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Fresh from signing a 7-record deal with Capricorn way back in 1993, 311 had dreams of making it big. Who could have guessed just how big they'd make it?

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Sometimes It Pays to be an Asshole

by Tim McMahan

Tim writes...

This story was written way back in February 1993 and was published in The Note, a music magazine out of Lawrence, Kansas,  that called itself "music and entertainment for the Central States." Everyone knew who 311 was at the time. No one knew for sure what would come of their record deal with Capricorn. You were either in the camp that they were destined for stardom, or you thought they were shamelessly ripping off the Chili Peppers. The rumor that was going around at the time was that Flea had cornered Hexum and told him to quit aping his band's style. In retrospect, it was probably bullshit. The fans know that the band didn't exactly rocket to stardom after their first album. It wasn't until one of their videos received heavy rotation, and they got a spot on the Vans Tour, that things started happening. Now their huge, of course.

It should be noted that The Note was really written with the musician in mind. Editor Jeff Shibley loved writers to get the inside industry scoop. Hence, there's a predominance of detail from the execs at Capricorn (I think Shib thought he was doing bands a favor by showing them the ins and outs of the biz, who knows.) I did a follow up story a couple years later, again for The Note. This time the interview took place on the band's tour bus -- they were big time. That one included some details from Gold Mountain, who had just dropped the band (or was it the other way around?) and also included some Nick commentary on specific producers he didn't like working with... and so on. If there's interest out there, I'll also post that story.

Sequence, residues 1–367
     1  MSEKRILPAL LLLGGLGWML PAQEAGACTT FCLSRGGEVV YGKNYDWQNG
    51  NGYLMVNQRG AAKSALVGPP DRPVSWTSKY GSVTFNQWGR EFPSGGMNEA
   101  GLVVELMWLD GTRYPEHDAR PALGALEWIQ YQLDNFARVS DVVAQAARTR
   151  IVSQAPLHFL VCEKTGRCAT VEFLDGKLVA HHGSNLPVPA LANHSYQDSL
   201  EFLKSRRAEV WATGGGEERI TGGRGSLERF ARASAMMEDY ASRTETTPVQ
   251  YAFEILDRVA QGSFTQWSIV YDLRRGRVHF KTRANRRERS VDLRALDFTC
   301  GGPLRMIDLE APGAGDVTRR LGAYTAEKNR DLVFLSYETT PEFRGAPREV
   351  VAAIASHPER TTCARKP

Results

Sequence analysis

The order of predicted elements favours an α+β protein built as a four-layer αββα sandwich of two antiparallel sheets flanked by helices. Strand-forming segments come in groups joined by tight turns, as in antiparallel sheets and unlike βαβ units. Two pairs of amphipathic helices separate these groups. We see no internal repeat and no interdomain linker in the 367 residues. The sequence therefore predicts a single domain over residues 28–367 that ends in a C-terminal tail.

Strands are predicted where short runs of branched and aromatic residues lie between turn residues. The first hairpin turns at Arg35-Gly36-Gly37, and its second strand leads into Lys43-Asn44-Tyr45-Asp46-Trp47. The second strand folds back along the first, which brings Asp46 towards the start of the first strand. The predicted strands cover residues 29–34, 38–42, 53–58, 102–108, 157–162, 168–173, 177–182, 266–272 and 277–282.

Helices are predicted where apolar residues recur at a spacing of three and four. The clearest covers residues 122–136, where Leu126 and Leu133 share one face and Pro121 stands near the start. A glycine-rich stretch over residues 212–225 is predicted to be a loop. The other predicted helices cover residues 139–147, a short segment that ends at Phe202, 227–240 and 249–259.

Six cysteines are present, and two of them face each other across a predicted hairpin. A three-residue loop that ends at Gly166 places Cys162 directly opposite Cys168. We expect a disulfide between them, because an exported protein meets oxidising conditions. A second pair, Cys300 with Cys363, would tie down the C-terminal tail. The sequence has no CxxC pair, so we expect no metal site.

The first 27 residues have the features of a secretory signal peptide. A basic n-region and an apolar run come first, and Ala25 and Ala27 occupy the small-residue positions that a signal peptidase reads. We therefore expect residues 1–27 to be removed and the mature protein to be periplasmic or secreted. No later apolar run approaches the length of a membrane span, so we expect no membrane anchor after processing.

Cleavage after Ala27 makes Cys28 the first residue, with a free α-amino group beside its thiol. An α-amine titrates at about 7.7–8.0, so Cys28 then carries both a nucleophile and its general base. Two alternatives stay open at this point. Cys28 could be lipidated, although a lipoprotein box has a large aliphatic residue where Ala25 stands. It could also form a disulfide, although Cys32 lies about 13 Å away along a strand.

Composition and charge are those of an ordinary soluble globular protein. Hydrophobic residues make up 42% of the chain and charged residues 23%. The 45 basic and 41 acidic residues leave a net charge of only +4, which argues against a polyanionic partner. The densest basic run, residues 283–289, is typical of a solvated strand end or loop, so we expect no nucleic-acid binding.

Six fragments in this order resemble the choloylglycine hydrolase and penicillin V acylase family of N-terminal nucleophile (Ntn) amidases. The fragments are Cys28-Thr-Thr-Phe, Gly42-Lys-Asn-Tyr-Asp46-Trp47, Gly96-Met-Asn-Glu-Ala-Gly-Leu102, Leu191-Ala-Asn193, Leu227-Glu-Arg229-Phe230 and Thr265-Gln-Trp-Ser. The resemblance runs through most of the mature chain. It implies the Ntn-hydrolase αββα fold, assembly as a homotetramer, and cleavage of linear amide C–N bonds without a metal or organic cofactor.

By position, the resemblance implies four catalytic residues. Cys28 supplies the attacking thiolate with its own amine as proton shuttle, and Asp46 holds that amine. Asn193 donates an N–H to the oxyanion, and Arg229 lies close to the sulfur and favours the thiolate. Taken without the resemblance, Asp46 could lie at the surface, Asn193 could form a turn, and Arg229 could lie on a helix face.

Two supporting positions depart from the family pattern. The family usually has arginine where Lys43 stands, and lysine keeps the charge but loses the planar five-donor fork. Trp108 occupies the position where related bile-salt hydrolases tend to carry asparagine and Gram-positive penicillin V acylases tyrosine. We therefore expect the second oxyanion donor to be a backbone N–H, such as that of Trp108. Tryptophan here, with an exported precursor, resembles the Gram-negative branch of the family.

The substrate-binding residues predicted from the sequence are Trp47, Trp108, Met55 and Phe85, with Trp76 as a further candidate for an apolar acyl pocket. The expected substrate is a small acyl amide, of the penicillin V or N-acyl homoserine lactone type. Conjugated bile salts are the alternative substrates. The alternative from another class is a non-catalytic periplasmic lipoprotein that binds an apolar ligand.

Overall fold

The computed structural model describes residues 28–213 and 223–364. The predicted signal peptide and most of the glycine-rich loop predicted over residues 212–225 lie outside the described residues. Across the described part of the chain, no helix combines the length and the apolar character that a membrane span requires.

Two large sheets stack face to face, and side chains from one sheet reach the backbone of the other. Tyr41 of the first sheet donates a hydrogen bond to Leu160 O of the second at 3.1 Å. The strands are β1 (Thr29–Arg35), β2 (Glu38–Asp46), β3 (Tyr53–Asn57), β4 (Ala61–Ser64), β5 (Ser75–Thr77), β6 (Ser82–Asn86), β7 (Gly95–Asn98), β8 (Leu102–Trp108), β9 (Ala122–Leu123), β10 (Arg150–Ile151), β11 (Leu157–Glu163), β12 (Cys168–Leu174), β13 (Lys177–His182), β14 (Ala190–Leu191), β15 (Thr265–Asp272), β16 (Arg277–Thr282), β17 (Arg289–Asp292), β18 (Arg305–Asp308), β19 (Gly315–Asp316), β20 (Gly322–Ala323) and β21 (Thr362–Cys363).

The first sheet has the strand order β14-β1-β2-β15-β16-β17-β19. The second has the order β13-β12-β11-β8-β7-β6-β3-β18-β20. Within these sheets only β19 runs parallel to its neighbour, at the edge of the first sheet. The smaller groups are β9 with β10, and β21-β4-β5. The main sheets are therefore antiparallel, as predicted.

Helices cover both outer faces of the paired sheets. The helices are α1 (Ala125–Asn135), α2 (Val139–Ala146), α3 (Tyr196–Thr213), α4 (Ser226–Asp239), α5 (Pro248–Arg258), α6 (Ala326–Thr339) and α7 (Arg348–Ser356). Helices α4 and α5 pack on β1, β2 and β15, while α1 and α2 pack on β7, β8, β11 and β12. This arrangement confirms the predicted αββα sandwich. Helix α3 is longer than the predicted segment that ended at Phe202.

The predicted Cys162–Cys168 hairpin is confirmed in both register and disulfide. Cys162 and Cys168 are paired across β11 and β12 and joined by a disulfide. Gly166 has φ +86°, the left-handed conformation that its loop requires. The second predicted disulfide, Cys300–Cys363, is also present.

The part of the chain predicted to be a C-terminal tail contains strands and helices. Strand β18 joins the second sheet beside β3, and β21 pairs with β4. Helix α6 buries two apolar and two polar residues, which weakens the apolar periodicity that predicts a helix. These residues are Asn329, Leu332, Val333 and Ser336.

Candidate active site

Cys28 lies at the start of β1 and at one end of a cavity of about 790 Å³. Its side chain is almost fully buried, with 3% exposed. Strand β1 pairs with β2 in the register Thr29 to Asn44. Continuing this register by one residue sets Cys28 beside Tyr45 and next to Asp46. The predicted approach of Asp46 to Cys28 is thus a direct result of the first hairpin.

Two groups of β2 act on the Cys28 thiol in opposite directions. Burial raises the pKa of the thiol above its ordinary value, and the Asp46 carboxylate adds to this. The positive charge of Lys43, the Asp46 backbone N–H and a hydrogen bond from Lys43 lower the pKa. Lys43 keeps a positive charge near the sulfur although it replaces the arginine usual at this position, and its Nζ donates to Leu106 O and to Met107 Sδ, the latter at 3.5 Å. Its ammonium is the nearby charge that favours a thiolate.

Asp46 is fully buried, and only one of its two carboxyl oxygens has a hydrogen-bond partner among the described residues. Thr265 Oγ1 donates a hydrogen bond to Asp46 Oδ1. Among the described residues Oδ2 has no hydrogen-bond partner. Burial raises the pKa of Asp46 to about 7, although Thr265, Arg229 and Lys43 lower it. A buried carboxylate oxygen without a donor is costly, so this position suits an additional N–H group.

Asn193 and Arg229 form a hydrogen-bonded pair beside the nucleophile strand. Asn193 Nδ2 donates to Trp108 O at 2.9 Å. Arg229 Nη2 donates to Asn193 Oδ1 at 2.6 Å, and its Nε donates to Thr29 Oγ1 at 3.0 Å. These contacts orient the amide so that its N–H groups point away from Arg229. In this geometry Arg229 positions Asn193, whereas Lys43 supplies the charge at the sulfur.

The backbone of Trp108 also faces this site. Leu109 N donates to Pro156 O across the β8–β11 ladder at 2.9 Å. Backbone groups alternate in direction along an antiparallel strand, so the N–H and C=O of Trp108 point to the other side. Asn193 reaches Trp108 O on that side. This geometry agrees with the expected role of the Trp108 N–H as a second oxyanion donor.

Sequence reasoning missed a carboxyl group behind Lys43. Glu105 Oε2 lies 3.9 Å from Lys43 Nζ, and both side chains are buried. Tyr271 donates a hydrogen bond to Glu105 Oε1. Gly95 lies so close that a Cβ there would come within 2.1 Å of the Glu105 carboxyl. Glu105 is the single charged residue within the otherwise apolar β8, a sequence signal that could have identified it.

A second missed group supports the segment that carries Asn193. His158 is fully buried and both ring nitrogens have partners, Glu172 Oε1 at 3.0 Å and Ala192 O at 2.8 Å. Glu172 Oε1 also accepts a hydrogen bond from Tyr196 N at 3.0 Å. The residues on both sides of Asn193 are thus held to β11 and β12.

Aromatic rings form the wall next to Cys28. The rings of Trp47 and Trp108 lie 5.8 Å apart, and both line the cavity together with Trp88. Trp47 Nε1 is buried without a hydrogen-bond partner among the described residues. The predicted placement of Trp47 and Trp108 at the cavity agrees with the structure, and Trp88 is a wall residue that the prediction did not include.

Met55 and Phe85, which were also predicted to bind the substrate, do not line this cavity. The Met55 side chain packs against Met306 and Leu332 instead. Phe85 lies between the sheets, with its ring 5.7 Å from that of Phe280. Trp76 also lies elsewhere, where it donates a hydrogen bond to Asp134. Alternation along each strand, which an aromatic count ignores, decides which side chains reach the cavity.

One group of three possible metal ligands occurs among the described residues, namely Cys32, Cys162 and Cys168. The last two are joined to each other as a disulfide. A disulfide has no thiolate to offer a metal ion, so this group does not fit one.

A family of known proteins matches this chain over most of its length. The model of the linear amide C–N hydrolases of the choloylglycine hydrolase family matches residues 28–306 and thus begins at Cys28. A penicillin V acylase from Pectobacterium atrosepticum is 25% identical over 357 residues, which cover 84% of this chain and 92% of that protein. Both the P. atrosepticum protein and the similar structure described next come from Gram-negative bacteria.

Oh yeah, the headline here is as it appeared in the publication (page down a little further and you'll see). I remember Nick saying he liked it. His step mom, Pat Hudson, who I interviewed a few years later, didn't seem to mind the headline, either.



It had snowed the day before, and cars were parked this way and that in the parking lot outside the Ranch Bowl in Omaha. With no lines to follow, the motorists parked anywhere they damn well pleased, sometimes taking up three or four spaces for their Buicks or imported 4-wheel-drive pick-ups. Others parked where they landed, stuck in a patch of ice; they would sooner leave the car than try to move it. Being stuck was something they'd worry about after blowing a few lines.

It was an unremarkable place to meet a band that Capricorn Records' vice present and general manager Don Schmitzerle said could drain the company of more than a million dollars in advances, marketing and production costs before it was all said and done ("but it's not a million-dollar deal," he was quick to add).

The Ranch Bowl is essentially a glorified bowling alley that's been turned into a music venue, while retaining enough lanes to service any good-sized league play. Tonight's entertainment is Capricorn artist 311, a hardcore funk band known for tearing up a stage with their two rappers and three instrumentalists. Formerly of Omaha and now of Van Nuys, Calif., the boys in the band thought they'd get together and play a show for the locals – what the hell, they were going to be in Omaha visiting the folks anyway.